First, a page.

Fairground – Sunday Photo Fiction

Sunday Photo Fiction is a weekly challenge presented by my old friend Al Forbes.
The idea is to write a short story (200 word max) inspired by what you see in the picture (below).
This week Al provides us with an extremely interesting photo. I admit to having no idea what it is, so I just wrote a story.
Click on this link to enter your tale, and to see what others have written.

© Al Forbes

Note: This week’s story is outwith the scope of my oratorical skills.

Fairground

Come on, Mum, don’t be scared!
No, I’m sorry, there’s no way I’m going up in that thing.
But, Mum…
Definitely not, it doesn’t look safe to me.
Mum, I’ll get a hard time at school if I don’t go on it, the guys will call me a scaredy-cat, make me fight again.
Well, I don’t know, maybe just you?
Mum, that’s not fair! If Jimmy
can do it, Timmy and me are big enough too! If Dad was still alive he’d let us go on it, definitely. He always said not to be frightened of anything.
Oh that’s not fair either, Tommy, you know I miss your father as much as you do.
Sorry, Mum, but you know he’d want us to.
Yes, okay, but not me, I’ll wait over there where it’s quieter, wave to you.
Thanks, Mum, you’re the best!

* * *

Al Forbes, small-time local criminal, was today found brutally beaten to death at the site of the old Dover Fairground. Forbes spent most of his life in and out of jail after being convicted of fatally stabbing a mother of three during a failed robbery attempt on this same spot almost twenty years ago.

About ceayr

A Scot who has discovered Paradise in a small town he calls Medville on the Côte d'Azur, C.E. Ayr has spent a large part of his life in the West of Scotland and a large part elsewhere. His first job was selling programmes at his local football club and he has since tried 73 other career paths, the longest being in IT, with varying degrees of success. He is somewhat nomadic, fairly irresponsible and, according to his darling daughter, a bit random.
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24 Responses to Fairground – Sunday Photo Fiction

  1. Oooh you’re evil to me hahaha.

    Loved the story CE.

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  2. mandibelle16 says:

    Very tragic indeed. Did they catch this criminal? At least the boys seem like they will be able to help take care of each other as long as this criminal is locked up 😉

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  3. I thought you’d written this nice sweet story until I saw that last paragraph. Silly me.

    Liked by 1 person

  4. JS Brand says:

    Love the story CE. Revenge would have been as sweet as the candy floss the boys might have enjoyed on their first visit.
    I think I see now why you said Al had been “brutally” beaten to death, but at first I thought the adverb was superfluous. I had an enjoyable few seconds imagining the scene with other adverbs like “gently” or “kindly”. My favourite was ” nonchalantly”.

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    • ceayr says:

      Love the comment, JS. I agree ‘nonchalantly’ is an excellent word, but not too apposite for the beating 3 boys might apply to their mother’s killer after a long frustrating wait. I am now wondering whether ‘brutally’ is superfluous, or whether I should have used sadistically, cold-bloodedly or callously. Ho hum, the trials of a struggling scribe.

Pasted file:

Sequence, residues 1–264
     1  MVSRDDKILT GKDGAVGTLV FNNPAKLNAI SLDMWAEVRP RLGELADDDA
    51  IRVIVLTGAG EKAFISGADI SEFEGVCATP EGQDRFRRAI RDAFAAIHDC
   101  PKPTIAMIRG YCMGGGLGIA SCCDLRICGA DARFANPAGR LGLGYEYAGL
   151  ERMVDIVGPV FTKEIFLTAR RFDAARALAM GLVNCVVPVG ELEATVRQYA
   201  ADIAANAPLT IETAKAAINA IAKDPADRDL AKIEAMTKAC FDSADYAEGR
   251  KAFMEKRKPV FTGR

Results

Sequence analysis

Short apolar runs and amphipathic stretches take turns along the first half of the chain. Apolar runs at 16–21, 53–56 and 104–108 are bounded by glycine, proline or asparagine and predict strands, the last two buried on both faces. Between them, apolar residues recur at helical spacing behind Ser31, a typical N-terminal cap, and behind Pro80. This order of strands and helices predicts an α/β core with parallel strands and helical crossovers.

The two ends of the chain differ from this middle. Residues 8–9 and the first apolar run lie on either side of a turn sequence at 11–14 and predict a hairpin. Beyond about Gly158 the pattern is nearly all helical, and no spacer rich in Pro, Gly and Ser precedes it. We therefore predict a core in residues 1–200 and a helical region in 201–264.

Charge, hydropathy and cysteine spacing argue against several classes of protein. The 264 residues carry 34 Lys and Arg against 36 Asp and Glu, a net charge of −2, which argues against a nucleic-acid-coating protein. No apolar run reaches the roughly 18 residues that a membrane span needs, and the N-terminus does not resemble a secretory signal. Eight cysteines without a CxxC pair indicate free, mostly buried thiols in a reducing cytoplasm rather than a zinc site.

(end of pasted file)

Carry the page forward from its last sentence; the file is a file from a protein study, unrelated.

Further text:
Liked by 1 person

      • JS Brand says:

        After thinking about it, I didn’t think the “brutally” was superfluous. At first I thought that beating someone to death was about as brutal as you could get, but then I realised it was valid to say something about the way the beating was done. A single well-aimed blow to the head with a hammer might prove fatal, but I suppose that would be “clinical” rather than brutal. The brothers would no doubt have felt compelled to go about their task brutally, so you were right to include the adverb.
        By the way, after struggling hard toprovide an example of a nonchalantly carried-out grievous assault, the nearest I could think of was the scene in Reservoir Dogs where Mr Blonde tortures a police officer while Stuck in the Middle With You is playing in the background (but that was pretty brutal too).

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  5. The boys did what their father would have done had he been alive when their mom was murdered. Brilliant. What an innovative leap is this. Outstanding, Ceayr.

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  6. Invoking the ghost of dad is doubtless an old trick with young Timmy. Wait until he discovers booze!

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    • ceayr says:

      Tommy, in fact! But did you read the whole story?

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      • I assumed Tommy was taking pointers from his little brother. Once you add “my” to a name, it doesn’t really matter anyway, does it? I read the footer about Al. I didn’t know it pertained. The boys get a good start in borstal and wind up small time anyway. That’s the breaks, Timmy.

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        • ceayr says:

          Okay, this story clearly did not work for you. The irony of the last paragraph is the key part, the whole point of the tale. And the boys did not go to borstal, I am not sure why you think that. But thanks for reading.

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  7. Varad says:

    Whoa! Brilliant ending there. And guess, I’ve heard that convict’s name somewhere 😀

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  8. michael1148humphris says:

    Mums are always the best.

    Like

  9. Joy Pixley says:

    I don’t know what the picture is of either, but I agree that it’s something plenty of moms and dads wouldn’t be keen to go up in!

    Like

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